In collaboration with the City of Atlanta and the local nonprofit PATH Foundation, the West Campus thoroughfare, Tech Parkway, is getting a makeover, shifting from its present configuration as a four-lane divided highway to a two-way street with a dedicated bike facility and wide pedestrian sidewalk.
Long recognized for its sprawling car culture, the effort is part of Atlanta’s growing enthusiasm for making alternate modes of transportation more attractive options. Construction is set to begin in early May, and conclude March 2017.
“The Tech Parkway multiuse path project will create new infrastructure to provide the community a safe and easy way to get to and around campus,” said Lisa Safstrom, campus transportation planner. “The path will contribute to the greater network throughout town, advancing safer cycling opportunities for all users.”
The changes are consistent with both Georgia Tech’s Master Plan vision as well as the city’s Cycle Atlanta strategy. Despite concerns that this project would restrict automobile traffic, pre-project analysis suggests the reconfiguration can be comfortably accommodated.
“The city and design team did full traffic studies during normal and event traffic situations and confirmed these changes would not negatively impact vehicular circulation,” said Jason Gregory, senior educational facilities planner in Capital Planning and Space Management. “This project is a step in managing the traffic volume while also providing for a great connection between midtown and downtown for multiple modes of transportation.”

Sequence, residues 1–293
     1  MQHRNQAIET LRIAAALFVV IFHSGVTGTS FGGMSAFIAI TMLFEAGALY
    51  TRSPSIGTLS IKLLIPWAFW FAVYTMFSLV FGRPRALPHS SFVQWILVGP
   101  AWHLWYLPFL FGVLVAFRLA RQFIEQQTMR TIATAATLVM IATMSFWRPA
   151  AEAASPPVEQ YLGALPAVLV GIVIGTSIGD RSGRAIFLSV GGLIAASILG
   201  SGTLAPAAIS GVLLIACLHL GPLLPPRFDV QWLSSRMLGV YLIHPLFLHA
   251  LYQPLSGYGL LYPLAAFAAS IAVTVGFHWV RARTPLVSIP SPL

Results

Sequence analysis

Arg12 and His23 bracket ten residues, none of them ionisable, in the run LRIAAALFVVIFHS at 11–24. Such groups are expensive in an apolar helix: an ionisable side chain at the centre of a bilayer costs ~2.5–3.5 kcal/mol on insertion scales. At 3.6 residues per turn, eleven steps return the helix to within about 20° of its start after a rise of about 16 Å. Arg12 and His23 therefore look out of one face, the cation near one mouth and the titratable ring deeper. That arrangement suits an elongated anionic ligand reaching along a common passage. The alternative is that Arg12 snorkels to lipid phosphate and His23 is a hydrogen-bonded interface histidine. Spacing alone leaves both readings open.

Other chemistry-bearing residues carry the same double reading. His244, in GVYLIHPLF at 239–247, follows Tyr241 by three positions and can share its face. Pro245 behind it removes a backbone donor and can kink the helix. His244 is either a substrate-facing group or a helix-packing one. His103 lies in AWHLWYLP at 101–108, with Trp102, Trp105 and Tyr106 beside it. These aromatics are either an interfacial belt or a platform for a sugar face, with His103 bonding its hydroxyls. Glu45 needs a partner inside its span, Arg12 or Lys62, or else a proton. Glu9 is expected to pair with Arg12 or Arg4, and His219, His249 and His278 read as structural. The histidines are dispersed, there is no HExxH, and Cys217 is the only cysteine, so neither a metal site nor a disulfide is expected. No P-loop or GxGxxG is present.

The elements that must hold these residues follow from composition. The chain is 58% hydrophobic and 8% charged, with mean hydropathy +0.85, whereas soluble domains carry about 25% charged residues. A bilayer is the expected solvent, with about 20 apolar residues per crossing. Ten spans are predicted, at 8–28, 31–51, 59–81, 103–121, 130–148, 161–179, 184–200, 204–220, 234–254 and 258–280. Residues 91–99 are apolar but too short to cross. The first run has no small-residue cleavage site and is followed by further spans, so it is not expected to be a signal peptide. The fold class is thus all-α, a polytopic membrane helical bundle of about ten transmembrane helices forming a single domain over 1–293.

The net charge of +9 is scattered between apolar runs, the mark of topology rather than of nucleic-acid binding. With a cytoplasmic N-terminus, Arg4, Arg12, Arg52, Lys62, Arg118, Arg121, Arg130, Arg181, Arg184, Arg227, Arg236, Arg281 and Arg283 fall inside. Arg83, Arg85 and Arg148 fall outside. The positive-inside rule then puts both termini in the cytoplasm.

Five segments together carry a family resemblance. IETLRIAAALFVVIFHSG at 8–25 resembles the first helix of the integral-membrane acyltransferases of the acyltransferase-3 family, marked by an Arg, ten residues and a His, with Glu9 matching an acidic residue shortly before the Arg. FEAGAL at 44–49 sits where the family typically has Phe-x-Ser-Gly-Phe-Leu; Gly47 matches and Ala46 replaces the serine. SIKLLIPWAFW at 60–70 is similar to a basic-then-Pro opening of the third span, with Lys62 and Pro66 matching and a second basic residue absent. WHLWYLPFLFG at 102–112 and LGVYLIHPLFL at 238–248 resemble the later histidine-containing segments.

Near the start of the project, both lanes of Tech Parkway between Means Street and Northside Drive will be closed to through traffic. During that time, drivers will need to adjust their route. Closures may last a few weeks.
At completion, the bicycle and pedestrian routes will continue beyond the Tech campus, stretching down Luckie Street to Centennial Olympic Park. The additional connectivity is likely to open up the campus to its midtown residents, making it a little bit easier for riders to enjoy the underappreciated aesthetics of Tech’s 400 acres, and will also provide a safer and more convenient option for Tech’s bike commuters to access campus.
“It could be as significant to this side of town as other multiuse paths like the BeltLine’s Eastside Trail,” Safstrom said.
Georgia Tech will cover half the cost of the Tech Parkway portion of the project. The PATH Foundation, whose vision is to create a network of connected trails throughout the Atlanta region that converge on the center of the city, will cover the other half.
Capital Planning and Space Management